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Sun, Oct 17, 1999 - Page 2 News List

The handicapped make a splash by washing cars

EMPLOYMENT After its first year of operation, Taipei City Government officials are looking for ways to assist a financially burdened Taipei carwash with a difference

By Monique Chu  /  STAFF REPORTER

Yu-cheng Carwash (育成洗車中心) employee Lee Wen-lung (李文龍) polished a vehicle's headlight as gently as if he were powdering a baby as five of his colleagues -- all of whom are disabled -- joined him to clean the interior yesterday at one of Taipei's most unique car cleaning services.

"I feel good working here," said Lee, a 20-year-old mentally handicapped worker at the site, which is operated by the Yu-cheng Welfare Foundation for the Handicapped.

Lee and his colleagues, who number over 40 in total, say the first anniversary of the car wash center yesterday gave them a sense of accomplishment as they were able to learn skills there to survive on their own. All are either mentally or physically challenged.

"I am very happy that the center is one year old now. It has created a workplace for the disabled," said section chief Huang Yu-hsueh (黃玉雪), who suffered third degree burns during a car explosion in 1997.

"It's like a big family here. The kids [referring to younger workers at the site] respect me, and I treat them as members of my family," said Huang, who was unable to leave her home for over three years after the accident, fearing what people might think of her appearance.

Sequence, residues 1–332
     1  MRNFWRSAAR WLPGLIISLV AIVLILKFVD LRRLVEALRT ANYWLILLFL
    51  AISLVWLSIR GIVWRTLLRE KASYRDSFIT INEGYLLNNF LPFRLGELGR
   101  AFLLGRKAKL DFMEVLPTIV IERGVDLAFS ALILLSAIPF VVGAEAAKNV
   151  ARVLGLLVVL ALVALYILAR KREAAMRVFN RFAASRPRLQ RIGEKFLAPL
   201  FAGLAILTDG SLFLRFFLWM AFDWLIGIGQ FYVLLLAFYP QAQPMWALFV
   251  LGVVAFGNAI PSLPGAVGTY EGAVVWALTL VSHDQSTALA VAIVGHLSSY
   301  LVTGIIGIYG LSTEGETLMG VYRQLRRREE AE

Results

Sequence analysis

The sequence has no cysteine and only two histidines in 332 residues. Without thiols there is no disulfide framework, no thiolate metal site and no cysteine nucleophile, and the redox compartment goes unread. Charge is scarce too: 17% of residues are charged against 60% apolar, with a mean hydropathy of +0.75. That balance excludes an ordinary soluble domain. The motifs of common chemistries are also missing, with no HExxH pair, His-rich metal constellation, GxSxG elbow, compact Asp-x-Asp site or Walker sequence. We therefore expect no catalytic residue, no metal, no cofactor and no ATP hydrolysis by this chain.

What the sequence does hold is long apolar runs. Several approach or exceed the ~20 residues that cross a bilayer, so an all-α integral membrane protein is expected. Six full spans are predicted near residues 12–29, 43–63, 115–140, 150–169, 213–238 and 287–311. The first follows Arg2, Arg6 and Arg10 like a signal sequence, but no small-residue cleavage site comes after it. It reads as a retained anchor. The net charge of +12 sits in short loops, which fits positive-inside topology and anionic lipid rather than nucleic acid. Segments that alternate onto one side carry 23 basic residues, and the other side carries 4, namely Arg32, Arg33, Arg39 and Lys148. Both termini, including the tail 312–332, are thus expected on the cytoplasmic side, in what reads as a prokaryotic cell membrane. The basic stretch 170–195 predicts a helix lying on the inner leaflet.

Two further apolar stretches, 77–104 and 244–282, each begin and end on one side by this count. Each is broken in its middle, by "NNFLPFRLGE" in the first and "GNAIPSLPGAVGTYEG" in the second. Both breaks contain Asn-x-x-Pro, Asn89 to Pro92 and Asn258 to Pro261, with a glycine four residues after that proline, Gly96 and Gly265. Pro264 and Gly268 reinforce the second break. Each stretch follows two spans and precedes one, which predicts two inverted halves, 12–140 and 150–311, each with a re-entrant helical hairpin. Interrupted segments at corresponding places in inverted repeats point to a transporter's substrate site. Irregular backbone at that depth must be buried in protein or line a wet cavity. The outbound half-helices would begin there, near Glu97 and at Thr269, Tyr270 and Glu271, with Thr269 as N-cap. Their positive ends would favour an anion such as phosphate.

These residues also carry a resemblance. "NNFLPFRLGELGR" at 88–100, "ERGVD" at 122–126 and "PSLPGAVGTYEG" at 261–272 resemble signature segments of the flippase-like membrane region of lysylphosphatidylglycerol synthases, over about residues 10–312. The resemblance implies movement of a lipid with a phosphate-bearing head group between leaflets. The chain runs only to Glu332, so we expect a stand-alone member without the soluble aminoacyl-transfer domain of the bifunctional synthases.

Ke Pang-sing (柯平順), a professor at Taipei Municipal Physical Education College, said such schemes allow the disabled to prove to others their accomplishments at work, culminating in what he called "an opportunity to change the wrong impression enterprises have of the disabled that dissuades them from hiring handicapped workers."

While nobody says handicapped workers are the fastest car-washers around, Kenneth Chu (朱欽浩), the owner of the vehicle Lee and his colleagues were cleaning, cited "efficiency" as the reason why he prefers to use the services of the Yu-cheng site whenever he wants to have the interior of his car cleaned.

"They [workers at the Yu-cheng carwash] do a better job here, as more workers clean the car simultaneously, and [the interior of] my car is far cleaner after the service," Chu said.

However, financial worries cast a shadow over the center's future. It has lost between NT$100,000 and NT$300,000 per month since operations began last October, said Chen Chieh-ju (陳節如), chairwoman of the foundation.

Attributing the losses to rental fees in excess of NT$120,000 per month, as well as a less-than-ideal driveway design, Chen has turned to city officials for help.

Taipei City Mayor Ma Ying-jeou (馬英九) said the city government would help improve the driveway design, as well as consider further help such as an additional rental subsidy.

The current rental subsidy for the site, which is located under the Chienkuo overpass, is 70 percent, said Jeng Tsuen-chui (鄭村棋), director of the city's labor affairs bureau.

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